Global Policy Forum

Britain Calls for Robust UN Mandate

July 25, 2000

Britain introduced a resolution on Tuesday that would call for a more robust mandate for U.N. troops in Sierra Leone and delay increasing the number of soldiers until the United Nations justified their purpose.

The Security Council draft appears to be a concession to the United States, which is reluctant to pay for 3,000 more troops for a total of 16,500 as Secretary-General Kofi Annan wanted unless the force could also take over diamond mining areas controlled by the rebel Revolutionary United Front.

The new resolution's mandate would allow the force to ''decisively counter the threat of further RUF advances and incursions into areas under government control, by responding robustly to any hostile actions or intent.'' But it refrains from ordering UNAMSIL, the U.N. Mission in Sierra Leone, to conduct an offensive against the rebels as ambassador Richard Holbrooke proposed earlier this month. However, it calls for the U.N. troops to help government soldiers establish control of rebel-dominated areas.

The draft resolution asks Annan to make recommendations for restructuring and strengthening the force, with aviation, maritime, specialist combat and logistic units before the council could make a decision. A previous British draft last month called for the additional 3,000 troops without conditions.

The peacekeepers were sent to Sierra Leone to monitor a truce and disarmament pact that was to have ended a civil war that began in 1991. But rebels from the Revolutionary United Front refused to disarm and took 500 U.N. troops hostage in May when they ventured too close to diamond areas. However, in recent weeks UNAMSIL rescued 223 peacekeepers who had been encircled by the RUF for months. Over the weekend, troops also challenged another rebels group, called the West Side Boys, dismantling barricades, which harassed road travelers, and then were erected elsewhere.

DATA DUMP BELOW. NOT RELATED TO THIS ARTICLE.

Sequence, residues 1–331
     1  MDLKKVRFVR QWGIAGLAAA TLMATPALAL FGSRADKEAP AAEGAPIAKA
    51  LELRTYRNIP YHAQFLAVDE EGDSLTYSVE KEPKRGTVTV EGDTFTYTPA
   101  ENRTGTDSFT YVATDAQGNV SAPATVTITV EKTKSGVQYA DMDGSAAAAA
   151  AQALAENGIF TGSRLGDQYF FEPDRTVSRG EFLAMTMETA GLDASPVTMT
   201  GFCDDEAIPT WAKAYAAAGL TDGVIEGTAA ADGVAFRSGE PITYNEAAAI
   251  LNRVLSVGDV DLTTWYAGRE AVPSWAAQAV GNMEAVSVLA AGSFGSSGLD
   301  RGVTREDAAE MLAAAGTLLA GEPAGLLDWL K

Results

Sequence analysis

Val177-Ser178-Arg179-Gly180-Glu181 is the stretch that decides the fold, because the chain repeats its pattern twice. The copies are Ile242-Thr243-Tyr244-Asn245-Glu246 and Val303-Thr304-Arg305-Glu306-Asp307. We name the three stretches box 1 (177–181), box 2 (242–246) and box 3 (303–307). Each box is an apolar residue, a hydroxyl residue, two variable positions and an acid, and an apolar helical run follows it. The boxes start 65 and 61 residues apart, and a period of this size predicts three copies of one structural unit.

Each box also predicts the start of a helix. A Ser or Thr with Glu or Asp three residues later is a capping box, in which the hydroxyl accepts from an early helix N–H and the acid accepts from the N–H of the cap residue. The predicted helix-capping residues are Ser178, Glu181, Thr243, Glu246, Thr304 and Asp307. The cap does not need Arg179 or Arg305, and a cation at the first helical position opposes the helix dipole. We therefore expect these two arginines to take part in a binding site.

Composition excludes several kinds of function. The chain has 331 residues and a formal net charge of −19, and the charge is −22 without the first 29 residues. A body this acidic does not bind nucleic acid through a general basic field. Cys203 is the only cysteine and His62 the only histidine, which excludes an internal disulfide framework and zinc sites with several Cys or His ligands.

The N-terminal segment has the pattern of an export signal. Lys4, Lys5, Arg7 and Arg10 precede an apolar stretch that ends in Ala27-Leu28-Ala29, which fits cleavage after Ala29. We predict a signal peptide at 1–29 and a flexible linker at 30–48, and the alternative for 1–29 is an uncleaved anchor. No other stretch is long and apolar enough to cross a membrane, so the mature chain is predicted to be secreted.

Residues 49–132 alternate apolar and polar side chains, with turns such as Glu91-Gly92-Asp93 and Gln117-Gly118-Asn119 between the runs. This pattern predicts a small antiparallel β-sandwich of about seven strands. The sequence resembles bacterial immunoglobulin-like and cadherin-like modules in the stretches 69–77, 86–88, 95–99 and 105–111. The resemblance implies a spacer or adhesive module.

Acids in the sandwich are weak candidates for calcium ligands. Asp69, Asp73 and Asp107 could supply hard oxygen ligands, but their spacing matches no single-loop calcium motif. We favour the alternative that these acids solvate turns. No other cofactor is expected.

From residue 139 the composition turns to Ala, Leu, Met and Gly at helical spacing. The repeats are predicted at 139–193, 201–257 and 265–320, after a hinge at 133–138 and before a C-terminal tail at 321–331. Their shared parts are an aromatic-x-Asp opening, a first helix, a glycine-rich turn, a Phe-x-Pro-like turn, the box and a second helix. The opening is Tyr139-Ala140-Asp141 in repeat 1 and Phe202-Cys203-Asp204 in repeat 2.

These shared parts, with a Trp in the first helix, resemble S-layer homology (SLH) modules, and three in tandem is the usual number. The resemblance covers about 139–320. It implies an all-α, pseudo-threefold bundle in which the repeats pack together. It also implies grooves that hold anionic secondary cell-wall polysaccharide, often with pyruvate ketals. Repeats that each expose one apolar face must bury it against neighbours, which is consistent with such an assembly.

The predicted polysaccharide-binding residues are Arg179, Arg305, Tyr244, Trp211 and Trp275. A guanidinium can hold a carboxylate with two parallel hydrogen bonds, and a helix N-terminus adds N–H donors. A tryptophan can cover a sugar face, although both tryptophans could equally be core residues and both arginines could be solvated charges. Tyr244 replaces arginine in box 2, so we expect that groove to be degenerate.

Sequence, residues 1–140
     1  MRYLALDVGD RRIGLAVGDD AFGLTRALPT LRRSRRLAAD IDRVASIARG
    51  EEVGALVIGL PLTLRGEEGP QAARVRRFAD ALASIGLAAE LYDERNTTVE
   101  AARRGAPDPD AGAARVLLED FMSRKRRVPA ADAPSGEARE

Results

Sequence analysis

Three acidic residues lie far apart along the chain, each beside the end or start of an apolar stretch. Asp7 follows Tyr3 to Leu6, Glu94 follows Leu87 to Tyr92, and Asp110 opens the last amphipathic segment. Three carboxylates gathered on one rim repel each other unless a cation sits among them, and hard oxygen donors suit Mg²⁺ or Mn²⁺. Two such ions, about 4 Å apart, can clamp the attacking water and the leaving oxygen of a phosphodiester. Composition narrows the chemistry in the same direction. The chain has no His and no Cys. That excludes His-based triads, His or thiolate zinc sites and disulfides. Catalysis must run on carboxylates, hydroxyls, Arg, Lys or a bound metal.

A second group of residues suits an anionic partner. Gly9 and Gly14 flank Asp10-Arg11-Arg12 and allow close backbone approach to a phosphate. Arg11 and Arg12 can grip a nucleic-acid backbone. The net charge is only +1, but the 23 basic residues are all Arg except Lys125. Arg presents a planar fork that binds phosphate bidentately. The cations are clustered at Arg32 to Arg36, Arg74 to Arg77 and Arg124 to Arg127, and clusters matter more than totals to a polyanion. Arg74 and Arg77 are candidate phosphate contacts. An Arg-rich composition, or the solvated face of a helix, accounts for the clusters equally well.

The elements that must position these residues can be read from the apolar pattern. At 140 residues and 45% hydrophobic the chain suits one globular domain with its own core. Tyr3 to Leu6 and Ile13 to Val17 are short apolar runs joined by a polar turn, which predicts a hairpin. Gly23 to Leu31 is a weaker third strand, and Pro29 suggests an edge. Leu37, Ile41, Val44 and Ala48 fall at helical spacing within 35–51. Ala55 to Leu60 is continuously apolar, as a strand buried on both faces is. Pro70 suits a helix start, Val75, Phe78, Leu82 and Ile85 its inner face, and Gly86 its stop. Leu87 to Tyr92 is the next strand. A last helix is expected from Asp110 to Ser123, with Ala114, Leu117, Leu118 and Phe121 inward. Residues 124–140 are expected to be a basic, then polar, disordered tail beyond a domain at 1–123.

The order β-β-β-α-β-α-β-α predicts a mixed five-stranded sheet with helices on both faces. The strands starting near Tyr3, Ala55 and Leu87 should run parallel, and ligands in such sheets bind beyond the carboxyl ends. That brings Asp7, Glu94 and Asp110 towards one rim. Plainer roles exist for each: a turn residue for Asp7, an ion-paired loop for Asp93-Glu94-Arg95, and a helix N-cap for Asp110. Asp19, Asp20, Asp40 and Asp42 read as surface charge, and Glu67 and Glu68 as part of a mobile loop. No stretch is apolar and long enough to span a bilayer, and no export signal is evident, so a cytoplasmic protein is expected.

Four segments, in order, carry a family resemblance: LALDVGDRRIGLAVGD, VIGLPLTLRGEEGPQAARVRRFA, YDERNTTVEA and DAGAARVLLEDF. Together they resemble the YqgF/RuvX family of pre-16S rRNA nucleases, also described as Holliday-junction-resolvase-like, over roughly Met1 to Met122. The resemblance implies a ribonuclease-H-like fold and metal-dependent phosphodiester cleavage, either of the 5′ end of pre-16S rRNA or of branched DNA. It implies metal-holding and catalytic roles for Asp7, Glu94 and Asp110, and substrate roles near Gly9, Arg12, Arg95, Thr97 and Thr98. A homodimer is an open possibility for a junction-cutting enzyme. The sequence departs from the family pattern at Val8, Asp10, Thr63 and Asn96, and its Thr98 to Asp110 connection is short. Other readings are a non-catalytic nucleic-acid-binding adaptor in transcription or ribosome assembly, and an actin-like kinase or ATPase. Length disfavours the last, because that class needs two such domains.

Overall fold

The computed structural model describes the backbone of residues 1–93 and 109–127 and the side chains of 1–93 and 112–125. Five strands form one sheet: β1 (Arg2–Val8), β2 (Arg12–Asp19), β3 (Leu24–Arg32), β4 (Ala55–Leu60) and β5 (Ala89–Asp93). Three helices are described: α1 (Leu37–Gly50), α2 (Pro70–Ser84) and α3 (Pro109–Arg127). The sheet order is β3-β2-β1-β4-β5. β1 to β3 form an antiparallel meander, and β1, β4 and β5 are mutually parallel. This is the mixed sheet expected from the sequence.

In addition to the resolution on troops, the United States expects to introduce later this week another measure on the kind of criminal court that should try RUF leaders, one with both international and local officials. Holbrooke had held off presenting the draft until the rescue mission was complete.

On the composition of UNAMSIL, a British diplomat said the increase at this point was not properly justified before the force was restructured but acknowledged the council had to address concerns of the United States.

U.S. envoy Nancy Soderberg told reporters after Tuesday's council consultations: ``It is our view the situation in Sierra Leone merits a review of the purpose of UNAMSIL. It is important to define the tasks and then the numbers and not the other way around.''

Holbrooke, in a recent interview with The New York Times said the Clinton administration was asking Congress for too little money for peacekeeping and the Republican-dominated slashed the amount further. On Sierra Leone, he said he could not ask for more funds e until he could show the troubled mission had been restructured, although U.N. officials as well as British diplomats have said that increasing the troops was essential, now that the force was finally making headway against the RUF.

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